Barack Obama, who won the 2008 presidential election as a candidate of ‘change’ was re-elected on 7th November for a second term. Ever since his re-election, the topic of ‘fiscal cliff’, immigration reforms, climate change, healthcare, et al have quickly moved to the forefront of significant issues that the President must deal with. While the re-election may mean different things to different people, in the Indian context, it means continuity of multi-faceted engagements. In terms of defense and strategic partnership, Washington may redouble its effort to woo India as a counter-balance to a more assertive and rapidly rising China. Obama’s re-election implies that his pet project ‘The Patient Protection and Affordable Care Act’ referred to as Obamacare will get a boost. This is positive news for Indian healthcare generic companies, which account for approximately 10 percent of the $80 billion US generic drug market. It is expected that US will continue to depend on India for export of quality generics at affordable prices, thereby creating an increased demand. Further, Obama’s plan to increase research in healthcare has the potential for Indian R&D and CRAMS (Contract Research and Manufacturing Services) companies to partner with US biotech and pharmaceutical companies.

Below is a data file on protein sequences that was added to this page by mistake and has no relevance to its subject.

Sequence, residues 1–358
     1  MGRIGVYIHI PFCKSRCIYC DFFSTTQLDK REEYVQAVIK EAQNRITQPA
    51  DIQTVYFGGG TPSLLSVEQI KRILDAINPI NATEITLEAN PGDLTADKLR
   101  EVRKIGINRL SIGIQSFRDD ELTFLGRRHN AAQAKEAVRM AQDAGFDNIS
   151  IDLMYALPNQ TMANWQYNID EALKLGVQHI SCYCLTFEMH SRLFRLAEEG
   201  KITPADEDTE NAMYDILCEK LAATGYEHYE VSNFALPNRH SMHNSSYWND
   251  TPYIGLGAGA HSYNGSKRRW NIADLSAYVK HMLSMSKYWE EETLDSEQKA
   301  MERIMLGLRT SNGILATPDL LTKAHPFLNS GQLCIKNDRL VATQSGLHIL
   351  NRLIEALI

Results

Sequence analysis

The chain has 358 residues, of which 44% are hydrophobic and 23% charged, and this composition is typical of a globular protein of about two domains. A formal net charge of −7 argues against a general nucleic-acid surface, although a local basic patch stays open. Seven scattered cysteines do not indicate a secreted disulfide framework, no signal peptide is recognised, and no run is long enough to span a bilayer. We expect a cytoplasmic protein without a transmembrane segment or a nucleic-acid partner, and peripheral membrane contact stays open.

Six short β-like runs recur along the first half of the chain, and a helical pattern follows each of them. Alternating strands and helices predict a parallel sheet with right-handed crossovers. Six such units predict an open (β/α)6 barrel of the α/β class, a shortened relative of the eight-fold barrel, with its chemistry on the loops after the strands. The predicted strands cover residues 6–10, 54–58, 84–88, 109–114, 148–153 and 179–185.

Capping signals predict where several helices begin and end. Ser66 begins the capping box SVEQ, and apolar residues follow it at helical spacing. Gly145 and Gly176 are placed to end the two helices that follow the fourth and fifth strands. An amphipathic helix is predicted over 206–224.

In the run up to the election, there were several mentions of anti-outsourcing in reference to American jobs being moved out. It is this rhetoric of the campaign days that has a few IT veterans fear that Obama’s re-election could mean less business for Indian IT outsourcing firms. Nevertheless, other CEOs and the lobby group of Indian IT companies have maintained a diplomatic note, while making specific reference to the shortage of STEM professionals in the US and seeking support for expanding the visa program. NASSCOM in its statement says, that with the global economy still under stress, it is more important than ever that India and the US find ways to partner together to find solutions to balance the current situation.The business communities too are optimistic. According to Indo-American Chamber of Commerce (IACC), the recent wave of reforms in India, particularly in the multi-brand retail, should encourage US corporations to accelerate their investment into Asia’s third largest economy. As Obama would make us believe, “the best is yet to come.”